Review: 'Hereafter' is very sad, but good

LOS ANGELES In "Hereafter," Matt Damon plays a psychic who believes his abilities to communicate with the dead are a curse, not a blessing.

He gives up doing readings to try and lead a normal life. His story, plus one involving twin boys in England, and another about a French journalist all deal with the "Hereafter," whatever that might be.

The journalist survives a deadly tsunami and has visions about her experience.

"Hereafter" is a heavy movie. It deals with tragedy in many forms and you know that within the first five minutes.

I found myself feeling intense sadness as I watched these storylines play out, hoping for some happiness along the way. So if you're feeling down this wouldn't be the movie to see.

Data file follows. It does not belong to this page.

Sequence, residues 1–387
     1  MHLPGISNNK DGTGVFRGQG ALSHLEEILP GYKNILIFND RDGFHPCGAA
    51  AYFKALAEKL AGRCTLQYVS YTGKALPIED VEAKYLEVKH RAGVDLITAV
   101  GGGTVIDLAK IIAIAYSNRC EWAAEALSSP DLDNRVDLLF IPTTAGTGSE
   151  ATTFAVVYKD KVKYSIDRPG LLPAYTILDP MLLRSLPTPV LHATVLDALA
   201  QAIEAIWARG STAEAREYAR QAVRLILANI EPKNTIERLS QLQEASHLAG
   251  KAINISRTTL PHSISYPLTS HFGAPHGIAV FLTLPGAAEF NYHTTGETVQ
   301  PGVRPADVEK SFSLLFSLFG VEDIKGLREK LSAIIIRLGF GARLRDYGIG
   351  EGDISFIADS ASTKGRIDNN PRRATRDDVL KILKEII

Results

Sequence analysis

Otherwise, Matt Damon is terrific, turning in a subtle yet powerful performance as a man who really wants to find peace in his life.

All three stories are gripping, poignant, but tough.

With the exception of the big tsunami, Eastwood keeps it simple and thoughtful, relying on story over special effects. And he helps us understand the desperation people feel when they are in unbearable pain.

In a small role, the always versatile Jenifer Lewis cranks out a big performance.

The studio put Lewis in the trailer and in one of the four clips it provided she's only in the movie for about a minute. The actress knows how to take a role and squeeze it for all it's worth. When her moment is over, her pain lingers. One day she'll land a part that's going to get her an Oscar.

"Hereafter" is a strong and poignant film, but there's a lot of sadness in it. It's emotionally exhausting at times, but it is a very good movie.

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